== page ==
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The effectiveness of acceptance and commitment therapy in treating a case of obsessive compulsive disorder.

Vakili Y, Gharraee B - Iran J Psychiatry (2014)

Bottom Line: The treatment led to reductions in symptoms of OCD, depression and anxiety.Gains were maintained at follow-ups.The treatment approach appears to be effective in the treatment of OCD.

View Article: PubMed Central - PubMed

Affiliation: North Khorasan University of Medical Sciences, Bojnord, Iran.

ABSTRACT

Objective: The aim of this study was to evaluate the effectiveness of acceptance and commitment therapy (ACT) in treating obsessive compulsive disorder (OCD).

Method: In a single-subject experiment trial, the treatment process was carried out on a 39-year old male subject. The patient satisfied the DSM-IV-TR criteria for OCD and was assessed for pre-duration and post treatment. The scales used in this study included: The Yale-Brown Obsessive Compulsive Scale(Y-BOCS), Beck Depression Inventory-II-second edition (BDI-II), and Beck Anxiety Inventory (BAI). In addition, all scales were again completed by the subject at 1-month, 3-months, and 6-months follow-ups.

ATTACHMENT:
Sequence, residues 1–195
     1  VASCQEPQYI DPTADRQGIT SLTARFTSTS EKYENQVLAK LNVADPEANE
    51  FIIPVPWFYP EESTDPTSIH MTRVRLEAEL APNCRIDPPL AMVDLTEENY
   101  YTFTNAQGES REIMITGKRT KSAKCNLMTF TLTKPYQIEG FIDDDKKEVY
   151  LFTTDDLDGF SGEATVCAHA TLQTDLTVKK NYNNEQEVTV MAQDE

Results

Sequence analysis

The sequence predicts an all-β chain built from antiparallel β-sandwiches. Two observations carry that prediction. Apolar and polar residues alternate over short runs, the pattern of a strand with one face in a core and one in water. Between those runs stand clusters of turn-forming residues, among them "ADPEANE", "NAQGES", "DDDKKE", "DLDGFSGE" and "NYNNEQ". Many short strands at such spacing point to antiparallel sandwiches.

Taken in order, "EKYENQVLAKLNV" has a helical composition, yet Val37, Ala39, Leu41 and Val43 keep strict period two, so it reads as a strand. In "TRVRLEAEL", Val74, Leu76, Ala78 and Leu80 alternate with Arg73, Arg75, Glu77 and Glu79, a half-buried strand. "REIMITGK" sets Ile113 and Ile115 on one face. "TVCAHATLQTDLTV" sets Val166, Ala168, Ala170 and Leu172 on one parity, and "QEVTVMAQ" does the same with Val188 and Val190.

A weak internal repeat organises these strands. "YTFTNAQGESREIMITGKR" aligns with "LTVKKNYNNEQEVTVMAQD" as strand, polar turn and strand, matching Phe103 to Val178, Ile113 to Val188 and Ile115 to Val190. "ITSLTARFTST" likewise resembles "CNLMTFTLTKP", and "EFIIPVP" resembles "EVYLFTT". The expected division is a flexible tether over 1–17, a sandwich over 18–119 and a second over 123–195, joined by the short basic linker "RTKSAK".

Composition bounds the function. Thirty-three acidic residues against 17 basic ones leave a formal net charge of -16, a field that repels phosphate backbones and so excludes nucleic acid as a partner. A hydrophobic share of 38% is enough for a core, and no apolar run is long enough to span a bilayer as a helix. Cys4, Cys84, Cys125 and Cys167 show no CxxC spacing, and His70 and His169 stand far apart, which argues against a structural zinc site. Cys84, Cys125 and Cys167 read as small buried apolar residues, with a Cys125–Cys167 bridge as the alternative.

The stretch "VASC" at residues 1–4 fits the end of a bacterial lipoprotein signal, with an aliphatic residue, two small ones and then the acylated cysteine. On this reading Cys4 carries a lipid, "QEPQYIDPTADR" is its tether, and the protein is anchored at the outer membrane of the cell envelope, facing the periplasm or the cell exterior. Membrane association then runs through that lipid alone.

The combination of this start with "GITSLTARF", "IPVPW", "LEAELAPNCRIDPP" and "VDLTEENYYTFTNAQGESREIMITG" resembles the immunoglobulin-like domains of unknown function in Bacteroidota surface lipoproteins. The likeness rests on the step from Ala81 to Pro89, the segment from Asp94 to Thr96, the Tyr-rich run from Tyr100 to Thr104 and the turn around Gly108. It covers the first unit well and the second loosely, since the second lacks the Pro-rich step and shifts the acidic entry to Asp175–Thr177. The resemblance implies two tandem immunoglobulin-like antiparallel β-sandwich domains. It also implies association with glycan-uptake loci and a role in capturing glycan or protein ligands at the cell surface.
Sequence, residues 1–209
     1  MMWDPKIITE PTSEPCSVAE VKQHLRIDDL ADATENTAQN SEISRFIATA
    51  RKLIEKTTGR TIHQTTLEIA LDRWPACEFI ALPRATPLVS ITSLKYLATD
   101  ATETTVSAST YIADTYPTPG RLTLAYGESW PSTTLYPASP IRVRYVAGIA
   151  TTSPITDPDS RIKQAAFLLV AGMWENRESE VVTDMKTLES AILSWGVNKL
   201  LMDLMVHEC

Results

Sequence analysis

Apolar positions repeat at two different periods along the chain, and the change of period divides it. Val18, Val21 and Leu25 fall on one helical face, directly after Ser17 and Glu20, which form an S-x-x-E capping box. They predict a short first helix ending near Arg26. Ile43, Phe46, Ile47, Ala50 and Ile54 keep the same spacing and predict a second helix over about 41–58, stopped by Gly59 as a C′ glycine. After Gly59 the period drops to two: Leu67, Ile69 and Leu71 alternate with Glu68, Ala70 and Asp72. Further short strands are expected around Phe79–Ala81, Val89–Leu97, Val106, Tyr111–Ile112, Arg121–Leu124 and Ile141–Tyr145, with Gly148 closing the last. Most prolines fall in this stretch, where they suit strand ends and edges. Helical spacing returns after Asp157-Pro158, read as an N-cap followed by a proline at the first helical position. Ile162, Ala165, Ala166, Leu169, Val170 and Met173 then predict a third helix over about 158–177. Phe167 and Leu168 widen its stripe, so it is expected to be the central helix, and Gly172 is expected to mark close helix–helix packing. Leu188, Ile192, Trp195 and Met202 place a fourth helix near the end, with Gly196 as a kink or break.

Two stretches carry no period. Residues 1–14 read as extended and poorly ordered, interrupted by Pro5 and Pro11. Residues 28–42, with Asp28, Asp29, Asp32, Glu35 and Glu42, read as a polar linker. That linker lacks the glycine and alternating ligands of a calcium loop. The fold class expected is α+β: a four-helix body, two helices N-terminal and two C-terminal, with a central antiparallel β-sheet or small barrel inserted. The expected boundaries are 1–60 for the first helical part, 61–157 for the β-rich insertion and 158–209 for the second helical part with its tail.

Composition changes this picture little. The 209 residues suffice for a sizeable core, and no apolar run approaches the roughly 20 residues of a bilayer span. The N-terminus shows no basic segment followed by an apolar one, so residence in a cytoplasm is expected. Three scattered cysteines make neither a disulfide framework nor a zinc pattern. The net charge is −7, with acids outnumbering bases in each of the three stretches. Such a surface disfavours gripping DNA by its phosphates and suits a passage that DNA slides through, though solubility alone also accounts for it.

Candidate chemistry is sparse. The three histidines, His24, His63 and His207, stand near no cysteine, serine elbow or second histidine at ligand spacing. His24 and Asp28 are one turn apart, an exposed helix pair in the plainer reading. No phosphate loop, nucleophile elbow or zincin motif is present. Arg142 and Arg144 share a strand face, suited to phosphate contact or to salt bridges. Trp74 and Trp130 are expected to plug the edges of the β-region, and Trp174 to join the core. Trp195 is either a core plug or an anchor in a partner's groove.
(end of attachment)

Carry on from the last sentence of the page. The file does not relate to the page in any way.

Results: The treatment led to reductions in symptoms of OCD, depression and anxiety. Gains were maintained at follow-ups.

Conclusion: The treatment approach appears to be effective in the treatment of OCD.

No MeSH data available.


Related in: MedlinePlus

OCD symptoms severity, depression, and anxiety scores for patient during baseline, treatment, and follow-upu.
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Figure 1: OCD symptoms severity, depression, and anxiety scores for patient during baseline, treatment, and follow-upu.